Lead Editor’s Introduction: We’re delighted to introduce our very first book review here at the Kingdom Outpost! Laura Sporre reviews a book about a topic very close to our hearts – pursuing Christ-centred justice and righteousness in the area of abuse. We hope to dive more into resources and writings in this area in upcoming months.
I hope you are as blessed by this review as we have been! If you would like to write a book review, contact firstname.lastname@example.org!
Rachael Denhollander didn’t set out to be a spokesperson for sexual abuse survivors. Instead, she kept the story of her own abuses a secret, preferring not to talk about them. When she was abused at age 7 by a young adult at church, she saw how dealing with sexual abuse drove the church apart. Later, as a teen, she found herself violated again – this time by a nationally renowned physician who treated her gymnastics injuries, Dr. Larry Nasser. He was a medical professional – the doctor of USA Gymnastic Olympians, well-liked by everyone, and esteemed by his peers. Unfortunately, he was also a master manipulator. She was a teenage girl. Who would believe her? Rachael already knew the answer.
“It feels safer to believe abuse happens only to people who ‘let it’,” Rachael says, “…This myth needs to be abandoned, and we need to make an effort to better understand why survivors don’t speak up during, or even after, abuse. The truth is, I had the tools I needed, and I knew how to use them at an early age. Yet when the time came, they were not enough to help me be heard and believed.”
With humor and candor, Rachael walks us through her childhood, giving us a glimpse of her personality, her family life, and her love for gymnastics. She openly tells the story of her abuse, helping us to understand not only what happened to her, but why it was so difficult to tell anyone; why she had such little hope of being believed. She shares the devastating effects of the abuse as her life goes on, her struggle to just “get over it”, and her slow and painful journey to healing.
When an article is published that uncovers sexual abuse by US Gymnastic Coaches, Rachael sees her chance to be heard. If it helps even one other girl who was abused, and lets her know that she wasn’t alone, Rachael decides that publicly going forward to report Dr. Nasser will be worth it. While she knows it’s going to be a fight, she has no idea what an uphill battle she has just engaged in, or the way it will change her life. Nor does she realize the overwhelming number of victims – literally hundreds of women – who are waiting in silence. Waiting for someone to listen; for someone to speak for them; for someone to fight for them. Waiting for someone like her.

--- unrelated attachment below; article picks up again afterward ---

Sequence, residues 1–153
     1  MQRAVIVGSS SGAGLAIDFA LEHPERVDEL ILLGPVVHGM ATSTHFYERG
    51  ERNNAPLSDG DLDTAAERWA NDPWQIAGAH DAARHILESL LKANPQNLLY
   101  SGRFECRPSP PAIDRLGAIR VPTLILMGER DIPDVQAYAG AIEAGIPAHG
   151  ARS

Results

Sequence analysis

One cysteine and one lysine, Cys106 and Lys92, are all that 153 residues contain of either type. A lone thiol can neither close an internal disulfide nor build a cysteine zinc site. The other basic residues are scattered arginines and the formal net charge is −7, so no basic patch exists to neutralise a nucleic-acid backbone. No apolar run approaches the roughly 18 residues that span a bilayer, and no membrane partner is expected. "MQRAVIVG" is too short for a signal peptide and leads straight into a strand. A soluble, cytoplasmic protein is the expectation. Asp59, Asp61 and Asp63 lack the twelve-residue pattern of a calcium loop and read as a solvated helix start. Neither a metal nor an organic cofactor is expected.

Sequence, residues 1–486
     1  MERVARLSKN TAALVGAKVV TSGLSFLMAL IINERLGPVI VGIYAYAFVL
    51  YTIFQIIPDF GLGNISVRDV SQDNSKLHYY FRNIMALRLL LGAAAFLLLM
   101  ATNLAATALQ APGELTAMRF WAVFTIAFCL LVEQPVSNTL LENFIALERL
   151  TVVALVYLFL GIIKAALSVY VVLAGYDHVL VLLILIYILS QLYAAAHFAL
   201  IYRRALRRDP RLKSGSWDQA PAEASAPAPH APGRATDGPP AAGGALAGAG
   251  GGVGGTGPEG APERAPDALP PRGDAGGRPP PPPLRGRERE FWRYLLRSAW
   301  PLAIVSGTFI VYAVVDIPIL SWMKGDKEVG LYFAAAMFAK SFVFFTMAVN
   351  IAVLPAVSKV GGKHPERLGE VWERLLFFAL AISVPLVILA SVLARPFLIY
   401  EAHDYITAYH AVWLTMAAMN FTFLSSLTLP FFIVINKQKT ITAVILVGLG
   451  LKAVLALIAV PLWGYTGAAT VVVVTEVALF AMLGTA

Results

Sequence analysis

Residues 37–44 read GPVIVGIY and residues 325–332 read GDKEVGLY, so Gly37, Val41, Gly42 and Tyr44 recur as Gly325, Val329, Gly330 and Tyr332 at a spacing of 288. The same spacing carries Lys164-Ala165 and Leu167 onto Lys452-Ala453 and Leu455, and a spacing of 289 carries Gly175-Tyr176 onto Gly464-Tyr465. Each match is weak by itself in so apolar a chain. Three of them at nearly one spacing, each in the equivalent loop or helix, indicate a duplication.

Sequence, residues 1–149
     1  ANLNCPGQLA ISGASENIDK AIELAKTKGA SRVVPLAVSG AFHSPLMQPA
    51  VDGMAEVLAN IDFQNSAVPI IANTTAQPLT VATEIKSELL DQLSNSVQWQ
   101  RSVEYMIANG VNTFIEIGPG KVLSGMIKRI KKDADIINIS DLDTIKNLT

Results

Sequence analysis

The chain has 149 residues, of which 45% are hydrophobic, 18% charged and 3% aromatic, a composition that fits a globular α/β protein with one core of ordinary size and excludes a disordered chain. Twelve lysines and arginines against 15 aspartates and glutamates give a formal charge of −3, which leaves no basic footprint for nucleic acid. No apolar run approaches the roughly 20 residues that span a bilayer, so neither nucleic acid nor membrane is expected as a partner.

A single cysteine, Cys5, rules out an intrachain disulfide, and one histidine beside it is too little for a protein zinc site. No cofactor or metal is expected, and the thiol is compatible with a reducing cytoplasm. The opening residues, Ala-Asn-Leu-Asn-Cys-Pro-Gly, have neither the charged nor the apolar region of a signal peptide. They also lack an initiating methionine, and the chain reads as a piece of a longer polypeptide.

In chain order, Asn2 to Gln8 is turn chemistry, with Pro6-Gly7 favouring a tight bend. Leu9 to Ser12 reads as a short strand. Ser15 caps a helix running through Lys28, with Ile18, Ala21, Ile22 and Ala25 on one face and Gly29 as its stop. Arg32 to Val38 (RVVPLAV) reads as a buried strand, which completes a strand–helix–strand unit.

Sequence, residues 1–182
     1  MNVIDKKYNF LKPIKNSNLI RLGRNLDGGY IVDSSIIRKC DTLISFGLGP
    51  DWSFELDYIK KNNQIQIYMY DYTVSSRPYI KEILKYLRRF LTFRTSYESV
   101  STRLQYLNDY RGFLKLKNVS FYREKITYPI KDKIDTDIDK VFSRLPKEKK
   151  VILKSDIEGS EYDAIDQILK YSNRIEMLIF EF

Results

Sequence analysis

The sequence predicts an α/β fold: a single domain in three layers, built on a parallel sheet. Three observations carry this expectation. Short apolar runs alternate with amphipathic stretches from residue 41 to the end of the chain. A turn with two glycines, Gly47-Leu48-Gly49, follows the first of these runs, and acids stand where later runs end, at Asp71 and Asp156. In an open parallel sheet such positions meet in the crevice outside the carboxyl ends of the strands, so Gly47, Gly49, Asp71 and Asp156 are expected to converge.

“I cried for them and with every tear that fell, I wondered, ‘who is going to find these little girls? Who is going to tell them how much they are worth? How valuable they are, how deserving of justice and protection? Who is going to tell these little girls that what was done to them matters? . . . To everyone who is watching, I ask that same question. How much is a little girl worth?”
The book goes on to cover Rachael’s interviews, the legal processes that had to be completed, and the final results of Dr. Nasser’s trial. While some of the legal details might get tedious to read, it is also compelling enough to keep you wanting to read more.
I recommend this book for multiple reasons. The heartbreaking story of abuse and survival should make us all more empathetic to the suffering around us, and more willing to listen to the voices of those who have also experienced abuse. Through her personal experiences, Rachael also helps to uncover and unpack some of the reasons that survivors are far too often not heard or believed. Finally, she gives real life examples of different responses to abuse, showing the damaging effects of minimizing or ignoring reports of sexual abuse, while challenging us to find a way forward, and a starting place to be better equipped.
Rachael says in her epilogue,
“With a heavy heart, I saw again that everyone appreciates advocacy when it’s directed to those ‘outside the camp,’ but when it demands that we evaluate our own faith communities, political parties, favorite sports team, candidates, or beloved leaders, we scramble for reasons why things are ‘different’ in that space. This is the blind spot that keeps abusers protected and convinces victims that it’s never safe to speak up.”
As difficult as it can be to hear, this important message is one that the church should not ignore. We too, need to ask Rachael’s soul-searching question: how much is a little girl worth?
Then the King will answer, ‘Truly I tell you, whatever you did not do for one of the least of these, you did not do for Me.’ (Matthew 25:45)